Sex is not only used for sex. This may come as shocker to most of us but sex runs more than just reproduction (and pleasure) at least from the human species perspective. One of this is our economics.

We all understand that it is better to buy cheaper things if they are able to satisfy the same want as the expensive stuff. But as humans we have an almost insatiable desire to buy relatively expensive things. We tend to purchase things in the upper quatile of our purchase capability. Why is this? Well it boils down to SEX.

This type of wanton purchase is explainable evolutionary. When our ancestors were in the Savannah, the strongest male was always the more desirable to females and the more curvaceous a female was the more she was desirable to males (my girlfriend is very curvaceous). And it is this simple explanation that has driven the consumption of goods and services in the entire history of economics and commerce.

In the present world the most desirable male is one with power. And the amount of power one has is directly proportional to the amount of money one makes or ones position in the social ladder. But keeping in mind the fact that there are more relatively poor people than there are wealthy people; the proverbial 1%, how could this theory really be true? And how can a girl’s curves affect how we buy products.

National and Global brands, corporations, and even private ventures use this fact to make as much profit as possible. When a global insurance company such as AON sponsor sports teams or when Christian Dior dresses an actress or when Akon advertises Coca Cola, we all instinctively know these are powerful brands and we want to associate with them so that some of their ‘power’ may be reflected on us. When a girl tries to dress like Rihanna by buying cheaper (but relatively expensive) versions of Rihanna’s clothes or shoes what she is trying to do, though unconsciously, is elevate her sex appeal.

This goes further than just clothes. If you Google pictures of the most expensive alcoholic drink brands you will find that the bottles that hold this drinks are not curvy. They have a manly posture. I bet you have heard of the phrase ‘tall, dark and handsome’ well the bottles are usually tall or have a tall neck and if the bottles are not dark, then the drinks within are dark. Typically all cheaper drinks have these characteristics so the men who drink them can increase their sex appeal. Though they do this unconsciously.

looks like tall men to me

Every man wants a curvy girl and every girl wants to be curvy. If one goes to a fridge in a supermarket to buy any soft drink or soda, 90% of all the brands in the said fridge will have curvy bottles. From Coca Cola products, to Pepsi products, to bottled water, they all have a distinctive or alluded 8 shape. The shape of a curvy girl. This makes the bottle appear ‘beautiful’ and since it has the shape that men like in women and it has the shape every girl wants, they are purchased more often that the average bottle shapes.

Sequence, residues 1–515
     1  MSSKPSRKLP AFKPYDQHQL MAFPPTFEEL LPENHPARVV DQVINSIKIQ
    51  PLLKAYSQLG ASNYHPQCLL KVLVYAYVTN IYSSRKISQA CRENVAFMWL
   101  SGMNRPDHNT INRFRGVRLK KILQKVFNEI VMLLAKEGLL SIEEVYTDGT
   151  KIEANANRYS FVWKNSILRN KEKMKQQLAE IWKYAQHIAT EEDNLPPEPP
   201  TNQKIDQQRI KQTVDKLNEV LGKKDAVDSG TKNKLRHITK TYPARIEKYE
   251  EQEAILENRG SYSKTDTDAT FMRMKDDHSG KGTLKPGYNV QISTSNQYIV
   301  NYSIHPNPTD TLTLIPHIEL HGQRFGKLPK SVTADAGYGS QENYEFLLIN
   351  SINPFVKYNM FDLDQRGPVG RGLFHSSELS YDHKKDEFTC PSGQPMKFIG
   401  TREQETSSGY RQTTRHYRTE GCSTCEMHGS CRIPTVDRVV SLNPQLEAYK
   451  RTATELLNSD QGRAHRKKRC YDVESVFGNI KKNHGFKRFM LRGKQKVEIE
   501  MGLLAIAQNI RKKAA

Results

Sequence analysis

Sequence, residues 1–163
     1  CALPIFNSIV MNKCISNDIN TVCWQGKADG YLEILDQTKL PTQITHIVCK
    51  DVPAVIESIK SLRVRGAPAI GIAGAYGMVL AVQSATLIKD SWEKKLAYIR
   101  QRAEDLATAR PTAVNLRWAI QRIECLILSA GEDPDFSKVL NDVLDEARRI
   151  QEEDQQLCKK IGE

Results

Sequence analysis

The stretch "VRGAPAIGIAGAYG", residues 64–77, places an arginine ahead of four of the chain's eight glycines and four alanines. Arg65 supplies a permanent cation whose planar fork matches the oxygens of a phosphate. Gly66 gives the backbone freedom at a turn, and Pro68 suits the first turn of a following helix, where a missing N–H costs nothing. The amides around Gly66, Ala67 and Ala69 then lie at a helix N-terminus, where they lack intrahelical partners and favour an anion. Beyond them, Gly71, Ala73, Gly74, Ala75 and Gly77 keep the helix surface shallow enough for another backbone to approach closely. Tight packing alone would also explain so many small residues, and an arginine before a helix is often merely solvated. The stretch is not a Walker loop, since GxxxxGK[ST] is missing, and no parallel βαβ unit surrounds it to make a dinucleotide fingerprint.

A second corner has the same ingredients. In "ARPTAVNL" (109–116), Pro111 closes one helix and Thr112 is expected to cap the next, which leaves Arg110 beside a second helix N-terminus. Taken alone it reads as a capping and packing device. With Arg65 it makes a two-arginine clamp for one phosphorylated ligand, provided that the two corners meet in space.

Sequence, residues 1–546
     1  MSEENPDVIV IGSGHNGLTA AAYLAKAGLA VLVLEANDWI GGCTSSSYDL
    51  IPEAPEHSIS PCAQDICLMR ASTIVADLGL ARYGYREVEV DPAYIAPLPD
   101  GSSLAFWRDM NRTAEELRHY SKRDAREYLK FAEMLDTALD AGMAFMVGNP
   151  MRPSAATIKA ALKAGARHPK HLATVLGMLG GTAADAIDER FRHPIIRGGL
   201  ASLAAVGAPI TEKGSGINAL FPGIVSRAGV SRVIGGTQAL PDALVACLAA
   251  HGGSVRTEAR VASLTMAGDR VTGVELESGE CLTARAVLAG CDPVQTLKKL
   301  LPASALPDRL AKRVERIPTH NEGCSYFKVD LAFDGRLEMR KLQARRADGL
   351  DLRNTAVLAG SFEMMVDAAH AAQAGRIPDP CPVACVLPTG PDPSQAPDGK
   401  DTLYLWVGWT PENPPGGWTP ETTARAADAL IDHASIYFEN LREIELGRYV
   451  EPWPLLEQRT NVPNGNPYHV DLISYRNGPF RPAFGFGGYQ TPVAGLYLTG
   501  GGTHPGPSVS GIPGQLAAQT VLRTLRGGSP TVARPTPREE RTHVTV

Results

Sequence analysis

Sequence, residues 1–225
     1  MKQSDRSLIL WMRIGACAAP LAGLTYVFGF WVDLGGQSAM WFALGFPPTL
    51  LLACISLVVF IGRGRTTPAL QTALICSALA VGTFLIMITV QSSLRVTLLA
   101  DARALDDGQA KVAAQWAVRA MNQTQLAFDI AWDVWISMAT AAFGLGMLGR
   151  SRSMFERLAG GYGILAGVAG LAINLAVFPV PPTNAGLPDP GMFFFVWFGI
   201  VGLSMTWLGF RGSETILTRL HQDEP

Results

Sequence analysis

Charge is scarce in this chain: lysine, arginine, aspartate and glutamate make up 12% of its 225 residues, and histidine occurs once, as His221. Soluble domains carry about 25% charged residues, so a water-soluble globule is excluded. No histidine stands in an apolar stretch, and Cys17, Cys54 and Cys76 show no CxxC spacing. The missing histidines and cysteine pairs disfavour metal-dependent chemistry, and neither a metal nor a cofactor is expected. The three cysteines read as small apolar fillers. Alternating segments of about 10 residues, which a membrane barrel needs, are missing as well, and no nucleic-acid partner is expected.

note the lady curves these bottles have.

Advertisements have taken to use model or famous personalities to make their products appeal to a larger chunk audience.

This theory has been proven through experiments. CT and MRI scans of subjects being shown expensive and cheap products have revealed that the above is true. During the show of cheap products nothing much happened in the participants brains. However, when expensive products were displayed, the pleasure parts of the brain lit up (something to do with the Nucleus accumbens releasing dopamine). This is the same area that lights up when we have sex or think of sex.

So as explained above, it is quite easy to see why you like buying what you buy.



2 thoughts on “HOW SEX DRIVES OUR PURCHASING BEHAVIOR (by Elvince Ager)

  1. i may concur with you to some extent but i beg to differ with you on some of your point out. am not yet convince the designers of the beverages bottle was having that theory in mind. according to my opinions the design of soft drink bottles such as coca cola and fanta did not have opinion of curviness in mind but s/he did it for the purpose of easy handling of the drink i.e the hand may have tight grip on then reducing the chances of them being slippery and fall off the hand.


  2. Well i do get your point of argument and i confess i did not ask the manufacturers the real reason behind the shape of the bottles. However from the brain scan data and by fact that large companies employ marketing psychologists, it seems that the psychology of the buy is what is in the hunt.

    Although we like to think of ourselves as rational creatures, absorbing information, weighing it carefully, and making thoughtful decisions, many of our most crucial choices are made by what we call hunches, gut feelings and a somewhat automatic reaction that is beyond or beneath consciousness. We like to refer to this feeling as intuition (“I have a very good feeling about this house”), but the reality is that this “intuition” is an established part of emotion-based learning. you can get more here and here


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